FTSE 100 tracker funds have become very popular investments in recent years. When the index was rising, investors viewed them as an easy, cost-effective way to profit.
But now we’re in a bear market and stocks are falling. That means some of the flaws of passively-managed tracker funds are being exposed. Here, I’ll look at some of the drawbacks of owning FTSE 100 tracker funds. I’ll also explain why I believe investors are better off picking individual stocks in the current environment.
No control over your holdings
The main disadvantage of tracker funds is you have no control over your holdings. You simply own the whole index. In the current environment, where there’s an enormous amount of economic uncertainty, this could be a potential setback.
For a start, if you own every stock in the FTSE 100, you’re going to have exposure to a number of companies that could be impacted significantly by Covid-19. I’m talking about companies such as International Consolidated Airlines, easyJet, Carnival, and Compass Group. These could take a while to recover from the disruption, meaning their share prices could be depressed for a while.
Additionally, if you own the whole index, you’ll also have exposure to a number of companies that could be vulnerable in an economic downturn. BT Group and Centrica are among those that come to mind here. Both have alarming amounts of debt on their books, which adds risk. I wouldn’t want to own these in a recession.
Ultimately, if you buy a FTSE 100 tracker fund, you’re at the mercy of the market. To quote Martin Gilbert, chairman of Aberdeen Standard Investments: “Passive strategies leave investors fully exposed to the teeth of the bear.”
A more selective approach could pay off
In my view, it could pay to be more selective about your investments. That means buying individual stocks. This approach has several advantages.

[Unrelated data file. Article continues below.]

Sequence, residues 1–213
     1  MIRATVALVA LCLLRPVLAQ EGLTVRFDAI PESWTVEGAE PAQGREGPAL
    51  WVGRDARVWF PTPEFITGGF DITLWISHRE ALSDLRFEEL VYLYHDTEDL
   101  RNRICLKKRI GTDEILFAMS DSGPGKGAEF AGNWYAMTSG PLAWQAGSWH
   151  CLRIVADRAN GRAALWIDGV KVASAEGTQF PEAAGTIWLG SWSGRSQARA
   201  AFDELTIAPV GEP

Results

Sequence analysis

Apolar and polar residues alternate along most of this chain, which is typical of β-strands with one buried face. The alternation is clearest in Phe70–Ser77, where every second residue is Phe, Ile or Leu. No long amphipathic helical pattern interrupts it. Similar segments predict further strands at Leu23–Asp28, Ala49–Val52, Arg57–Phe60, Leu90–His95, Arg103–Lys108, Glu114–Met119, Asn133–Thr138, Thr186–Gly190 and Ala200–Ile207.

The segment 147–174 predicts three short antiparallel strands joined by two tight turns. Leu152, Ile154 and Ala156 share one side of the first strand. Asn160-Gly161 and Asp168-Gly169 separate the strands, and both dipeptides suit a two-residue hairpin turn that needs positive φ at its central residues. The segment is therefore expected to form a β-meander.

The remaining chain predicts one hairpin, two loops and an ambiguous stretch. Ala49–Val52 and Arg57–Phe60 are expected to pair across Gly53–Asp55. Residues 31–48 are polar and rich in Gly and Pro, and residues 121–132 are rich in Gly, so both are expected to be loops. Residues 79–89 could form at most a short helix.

Firstly, you can focus on high-quality companies likely to be less vulnerable in a recession. Unilever and Reckitt Benckiser are good examples (both have recently outperformed the FTSE 100 significantly) as they’re seen as consistent performers.
Secondly, you can focus on companies likely to be impacted less by the coronavirus. Accounting solutions provider Sage is a good example. It should be relatively well insulated from the disruption.
Finally, you can focus on stocks that look oversold and have the potential to rebound significantly. Names that come to mind include Legal & General Group and JD Sports Fashion.
This is certainly the approach I’m taking right now. Instead of just buying the whole index, I’m focusing on high-quality companies I think have the potential to outperform the market.
I believe that in the current environment, this approach should provide higher returns than a FTSE 100 tracker.
It’s ugly out there…
The threat posed by the coronavirus outbreak has spooked global markets, sending stock prices reeling.
And with the Covid-19 virus now beginning to spread beyond of China and Italy, it seems very likely that the bull market we’ve enjoyed over the past decade could finally be coming to an end.
Against such a backdrop of market worry, it’s little wonder that many investors are starting to panic. (After all, nobody likes to see the value of their portfolio fall significantly in such a short space of time.)
Fortunately, The Motley Fool is here to help, and you don’t have to face this alone…
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Edward Sheldon owns shares in Unilever, Reckitt Benckiser, Sage, Legal & General and JD Sports Fashion. The Motley Fool UK owns shares of and has recommended Unilever. The Motley Fool UK has recommended Carnival, Compass Group, and Sage Group. Views expressed on the companies mentioned in this article are those of the writer and therefore may differ from the official recommendations we make in our subscription services such as Share Advisor, Hidden Winners and Pro. Here at The Motley Fool we believe that considering a diverse range of insights makes us better investors.